dans les collections Baur et Cartier
Edited by Estelle Niklà¨s van Osselt
Texts by Estelle Niklà¨s van Osselt, Pascale Lepeu and Song Haiyang
In the nineteenth and twentieth centuries it was fashionable to collect ‘curios’, objects so named because they aroused ‘curiosity’. Imaginatively decorated and made from different materials, some of which are still underappreciated, these exotic objects from China and Japan fascinated Westerners. They stimulated a fad for Asia, captivated art lovers, and had a profound influence on the graphic arts in Europe. This beguiling period kindled a passion for collecting in Alfred Baur (1865 — 1951) and for creation in Alfred Cartier (1841 — 1925) and his three sons, Louis (1875 — 1942), Pierre (1878 — 1964), and Jacques (1884 — 1941). While the pieces fashioned in Asian style by the Maison Cartier are generally known, their historical and cultural context is not, thus the idea arose of bringing these fine creations together with the collections of the Baur Foundation, Museum of Far Eastern Art, based in Geneva.
As one leafs through the pages, Asia Imagined slowly becomes apparent, like a treasure hunt. Diamond-studded pagodas and pavilions, busy scholars beneath the starry sky, nacreous moonlight scenes, shimmering phoenixes, jade dragons, and multi-coloured cherry blossomlike gems depict an imaginary land. The Cartier magic has its effect. Side-by-side with the creations of the Parisian jeweller, the imperial porcelains, lacquerware embellished with precious metals, embroidered silks, jades, coloured enamels, netsuke, sword hilts, and prints belonging to the Baur Foundation give their version of the marvels of China and Japan and install a unique dialogue, offering an exceptional opportunity to view two of the world’s most outstanding collections.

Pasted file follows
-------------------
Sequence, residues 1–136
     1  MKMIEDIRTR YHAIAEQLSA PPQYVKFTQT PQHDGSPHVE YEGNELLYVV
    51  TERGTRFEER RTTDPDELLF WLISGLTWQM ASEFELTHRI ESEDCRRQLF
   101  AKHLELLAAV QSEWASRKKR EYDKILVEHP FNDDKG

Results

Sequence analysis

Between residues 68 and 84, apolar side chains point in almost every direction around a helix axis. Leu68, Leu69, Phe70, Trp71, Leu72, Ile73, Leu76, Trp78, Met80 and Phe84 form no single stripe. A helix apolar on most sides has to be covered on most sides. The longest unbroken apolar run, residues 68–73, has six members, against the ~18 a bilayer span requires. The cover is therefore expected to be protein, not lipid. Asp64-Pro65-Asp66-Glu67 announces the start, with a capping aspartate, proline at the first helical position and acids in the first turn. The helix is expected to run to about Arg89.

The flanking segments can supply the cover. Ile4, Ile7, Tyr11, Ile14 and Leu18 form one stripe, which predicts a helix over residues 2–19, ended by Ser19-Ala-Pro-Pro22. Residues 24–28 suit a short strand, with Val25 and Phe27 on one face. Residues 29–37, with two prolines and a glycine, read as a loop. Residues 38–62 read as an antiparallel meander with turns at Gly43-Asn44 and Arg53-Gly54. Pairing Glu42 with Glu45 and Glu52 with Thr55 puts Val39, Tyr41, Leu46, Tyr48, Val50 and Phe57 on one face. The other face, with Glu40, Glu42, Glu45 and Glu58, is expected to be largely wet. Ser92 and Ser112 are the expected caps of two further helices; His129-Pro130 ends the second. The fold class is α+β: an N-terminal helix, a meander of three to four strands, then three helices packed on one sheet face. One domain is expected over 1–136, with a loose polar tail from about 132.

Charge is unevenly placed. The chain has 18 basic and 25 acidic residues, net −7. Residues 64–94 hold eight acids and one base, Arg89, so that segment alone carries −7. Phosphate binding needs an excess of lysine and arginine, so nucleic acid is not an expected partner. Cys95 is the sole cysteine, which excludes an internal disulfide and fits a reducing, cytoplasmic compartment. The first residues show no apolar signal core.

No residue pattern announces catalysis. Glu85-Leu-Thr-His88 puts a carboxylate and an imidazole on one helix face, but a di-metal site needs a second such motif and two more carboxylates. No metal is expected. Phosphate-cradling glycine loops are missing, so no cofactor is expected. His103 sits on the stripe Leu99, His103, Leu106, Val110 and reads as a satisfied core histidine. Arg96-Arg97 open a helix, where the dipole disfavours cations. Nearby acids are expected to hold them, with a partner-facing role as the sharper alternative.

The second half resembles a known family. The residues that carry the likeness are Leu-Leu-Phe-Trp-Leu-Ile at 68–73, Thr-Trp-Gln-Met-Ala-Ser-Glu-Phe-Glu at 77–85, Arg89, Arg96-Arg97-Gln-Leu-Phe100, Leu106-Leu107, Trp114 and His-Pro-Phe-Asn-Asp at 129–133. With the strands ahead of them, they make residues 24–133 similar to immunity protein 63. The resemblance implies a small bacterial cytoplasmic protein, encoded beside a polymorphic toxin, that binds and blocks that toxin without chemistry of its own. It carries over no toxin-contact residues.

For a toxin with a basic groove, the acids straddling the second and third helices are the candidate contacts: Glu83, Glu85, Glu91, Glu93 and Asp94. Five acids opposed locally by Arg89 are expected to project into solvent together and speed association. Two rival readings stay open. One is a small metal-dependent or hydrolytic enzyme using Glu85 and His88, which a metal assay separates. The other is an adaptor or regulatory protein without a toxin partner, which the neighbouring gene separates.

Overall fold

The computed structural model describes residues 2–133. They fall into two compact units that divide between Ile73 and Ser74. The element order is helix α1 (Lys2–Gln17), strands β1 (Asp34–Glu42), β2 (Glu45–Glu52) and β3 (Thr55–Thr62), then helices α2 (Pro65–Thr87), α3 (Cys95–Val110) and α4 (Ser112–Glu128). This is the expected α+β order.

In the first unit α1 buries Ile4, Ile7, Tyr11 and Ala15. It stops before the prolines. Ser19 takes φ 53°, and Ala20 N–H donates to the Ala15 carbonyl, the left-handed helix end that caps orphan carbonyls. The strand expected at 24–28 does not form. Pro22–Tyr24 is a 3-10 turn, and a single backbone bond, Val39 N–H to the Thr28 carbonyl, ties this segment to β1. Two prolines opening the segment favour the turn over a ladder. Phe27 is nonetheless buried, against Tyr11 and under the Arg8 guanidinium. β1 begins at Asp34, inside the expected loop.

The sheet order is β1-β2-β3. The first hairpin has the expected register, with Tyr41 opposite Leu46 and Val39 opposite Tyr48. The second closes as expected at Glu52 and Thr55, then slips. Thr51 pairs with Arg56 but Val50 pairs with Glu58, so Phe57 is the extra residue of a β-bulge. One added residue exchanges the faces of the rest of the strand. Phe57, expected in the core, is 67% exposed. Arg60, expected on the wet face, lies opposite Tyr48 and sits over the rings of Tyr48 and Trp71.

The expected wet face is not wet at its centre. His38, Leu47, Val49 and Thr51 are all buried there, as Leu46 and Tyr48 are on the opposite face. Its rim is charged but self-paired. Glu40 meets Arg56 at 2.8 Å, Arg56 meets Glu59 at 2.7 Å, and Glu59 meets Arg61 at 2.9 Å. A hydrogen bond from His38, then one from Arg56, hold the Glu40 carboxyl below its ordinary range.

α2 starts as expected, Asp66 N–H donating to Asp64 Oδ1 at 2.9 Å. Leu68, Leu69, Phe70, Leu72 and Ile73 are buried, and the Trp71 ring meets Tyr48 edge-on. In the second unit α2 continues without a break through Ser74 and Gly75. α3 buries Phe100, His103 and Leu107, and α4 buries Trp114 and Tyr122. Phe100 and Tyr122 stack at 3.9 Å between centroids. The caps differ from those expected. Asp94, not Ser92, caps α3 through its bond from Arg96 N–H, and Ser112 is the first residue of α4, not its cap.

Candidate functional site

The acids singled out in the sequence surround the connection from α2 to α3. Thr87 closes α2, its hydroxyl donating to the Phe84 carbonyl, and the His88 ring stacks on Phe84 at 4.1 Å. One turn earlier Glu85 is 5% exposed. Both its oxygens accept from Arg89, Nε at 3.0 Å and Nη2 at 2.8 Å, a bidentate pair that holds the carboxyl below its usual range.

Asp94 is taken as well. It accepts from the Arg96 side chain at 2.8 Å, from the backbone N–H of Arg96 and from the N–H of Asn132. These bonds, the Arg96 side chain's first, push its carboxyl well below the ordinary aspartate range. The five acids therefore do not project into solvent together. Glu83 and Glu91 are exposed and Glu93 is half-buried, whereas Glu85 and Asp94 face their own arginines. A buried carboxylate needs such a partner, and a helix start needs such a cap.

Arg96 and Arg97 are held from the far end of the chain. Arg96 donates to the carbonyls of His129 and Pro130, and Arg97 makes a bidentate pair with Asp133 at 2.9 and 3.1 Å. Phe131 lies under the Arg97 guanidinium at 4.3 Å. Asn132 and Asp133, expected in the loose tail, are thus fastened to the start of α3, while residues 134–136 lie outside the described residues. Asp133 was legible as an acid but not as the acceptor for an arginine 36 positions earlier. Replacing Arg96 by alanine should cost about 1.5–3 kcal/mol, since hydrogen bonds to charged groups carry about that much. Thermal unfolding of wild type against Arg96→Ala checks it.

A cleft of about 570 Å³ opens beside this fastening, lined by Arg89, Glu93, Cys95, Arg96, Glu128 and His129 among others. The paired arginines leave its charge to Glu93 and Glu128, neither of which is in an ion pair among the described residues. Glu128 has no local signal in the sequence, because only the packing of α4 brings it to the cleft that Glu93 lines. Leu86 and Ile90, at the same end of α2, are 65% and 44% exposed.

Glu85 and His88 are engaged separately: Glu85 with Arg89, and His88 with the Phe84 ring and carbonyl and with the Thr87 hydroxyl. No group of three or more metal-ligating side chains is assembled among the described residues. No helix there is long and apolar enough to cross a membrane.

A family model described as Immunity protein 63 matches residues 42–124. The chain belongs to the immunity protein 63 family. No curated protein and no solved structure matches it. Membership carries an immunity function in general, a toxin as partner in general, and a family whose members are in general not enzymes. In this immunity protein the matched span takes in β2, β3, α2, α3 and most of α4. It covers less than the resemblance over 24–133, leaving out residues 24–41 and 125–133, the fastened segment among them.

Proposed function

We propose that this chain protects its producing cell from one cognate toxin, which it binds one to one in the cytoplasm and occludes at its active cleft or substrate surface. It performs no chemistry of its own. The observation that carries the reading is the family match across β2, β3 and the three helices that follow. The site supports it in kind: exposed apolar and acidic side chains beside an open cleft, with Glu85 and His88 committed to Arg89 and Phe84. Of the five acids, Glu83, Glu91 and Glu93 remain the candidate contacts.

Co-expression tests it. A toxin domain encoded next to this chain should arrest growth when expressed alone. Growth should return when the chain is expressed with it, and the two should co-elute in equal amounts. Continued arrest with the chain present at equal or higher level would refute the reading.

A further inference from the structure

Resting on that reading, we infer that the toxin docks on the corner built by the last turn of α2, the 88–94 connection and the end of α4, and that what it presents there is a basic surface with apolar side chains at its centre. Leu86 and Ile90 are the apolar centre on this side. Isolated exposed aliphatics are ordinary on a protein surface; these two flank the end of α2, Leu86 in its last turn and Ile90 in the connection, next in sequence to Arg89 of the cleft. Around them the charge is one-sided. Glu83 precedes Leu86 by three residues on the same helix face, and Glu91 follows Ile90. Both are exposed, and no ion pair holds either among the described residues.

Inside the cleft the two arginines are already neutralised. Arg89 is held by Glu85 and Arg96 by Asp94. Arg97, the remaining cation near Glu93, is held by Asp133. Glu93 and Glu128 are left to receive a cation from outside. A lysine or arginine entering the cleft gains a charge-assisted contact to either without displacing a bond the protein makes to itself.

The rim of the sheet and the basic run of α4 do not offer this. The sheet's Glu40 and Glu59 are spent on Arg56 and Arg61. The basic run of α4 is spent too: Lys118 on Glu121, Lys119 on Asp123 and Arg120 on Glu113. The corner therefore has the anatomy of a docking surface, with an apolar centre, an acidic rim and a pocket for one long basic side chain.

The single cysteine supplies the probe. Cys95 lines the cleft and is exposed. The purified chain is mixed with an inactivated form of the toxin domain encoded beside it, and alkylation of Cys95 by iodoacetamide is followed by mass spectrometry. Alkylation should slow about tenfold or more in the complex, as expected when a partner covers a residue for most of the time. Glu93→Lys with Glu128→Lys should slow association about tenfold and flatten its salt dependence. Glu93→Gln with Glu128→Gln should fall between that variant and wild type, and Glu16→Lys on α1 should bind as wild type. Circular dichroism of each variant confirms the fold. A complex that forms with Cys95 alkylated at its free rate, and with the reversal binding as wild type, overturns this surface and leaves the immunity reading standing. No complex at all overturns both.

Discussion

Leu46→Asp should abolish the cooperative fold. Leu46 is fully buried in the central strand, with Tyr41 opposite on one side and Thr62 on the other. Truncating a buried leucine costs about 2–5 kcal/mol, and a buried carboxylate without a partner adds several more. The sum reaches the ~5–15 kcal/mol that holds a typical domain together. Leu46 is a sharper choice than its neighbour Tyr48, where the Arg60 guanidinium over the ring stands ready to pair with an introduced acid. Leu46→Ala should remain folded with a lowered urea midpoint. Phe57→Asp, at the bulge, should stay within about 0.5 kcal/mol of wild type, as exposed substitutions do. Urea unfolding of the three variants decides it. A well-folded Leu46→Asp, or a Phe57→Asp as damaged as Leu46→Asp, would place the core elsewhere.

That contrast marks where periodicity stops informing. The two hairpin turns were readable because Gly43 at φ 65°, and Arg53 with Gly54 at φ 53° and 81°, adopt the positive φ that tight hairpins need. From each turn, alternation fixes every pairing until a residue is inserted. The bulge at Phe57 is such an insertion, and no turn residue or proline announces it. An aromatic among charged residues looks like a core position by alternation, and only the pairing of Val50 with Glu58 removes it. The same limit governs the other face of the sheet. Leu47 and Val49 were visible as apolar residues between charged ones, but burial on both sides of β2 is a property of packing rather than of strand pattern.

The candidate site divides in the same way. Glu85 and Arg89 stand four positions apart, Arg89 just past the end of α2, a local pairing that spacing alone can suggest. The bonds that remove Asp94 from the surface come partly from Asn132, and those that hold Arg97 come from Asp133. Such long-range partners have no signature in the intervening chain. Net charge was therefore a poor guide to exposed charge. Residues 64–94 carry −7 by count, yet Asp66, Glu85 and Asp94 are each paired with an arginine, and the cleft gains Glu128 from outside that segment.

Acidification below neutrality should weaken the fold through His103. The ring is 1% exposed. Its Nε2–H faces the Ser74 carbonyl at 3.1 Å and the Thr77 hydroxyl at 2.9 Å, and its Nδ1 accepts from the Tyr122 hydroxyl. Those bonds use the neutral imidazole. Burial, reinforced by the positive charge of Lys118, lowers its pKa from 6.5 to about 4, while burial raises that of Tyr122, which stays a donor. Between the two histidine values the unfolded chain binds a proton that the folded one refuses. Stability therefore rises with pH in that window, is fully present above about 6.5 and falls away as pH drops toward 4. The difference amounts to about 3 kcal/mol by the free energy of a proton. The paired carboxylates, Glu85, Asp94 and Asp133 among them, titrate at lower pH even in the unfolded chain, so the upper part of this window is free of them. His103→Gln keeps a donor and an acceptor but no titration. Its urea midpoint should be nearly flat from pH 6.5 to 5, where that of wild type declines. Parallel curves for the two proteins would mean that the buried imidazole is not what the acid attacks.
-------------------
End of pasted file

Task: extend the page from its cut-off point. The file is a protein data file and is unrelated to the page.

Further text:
Estelle Niklès van Osselt is a sinologist. She studied Asian arts and archaeology at universities in Geneva, London, and Beijing. Today an assistant curator at the Baur Foundation, Museum of Far Eastern Art, she previously worked for the Guy & Myriam Ullens Foundation Collection and Ullens Center for Contemporary Art (UCCA) in Beijing.
Pascale Lepeu is the curator of the Cartier Collection.
Song Haiyang is a researcher at the Palace Museum of the Forbidden City, Beijing.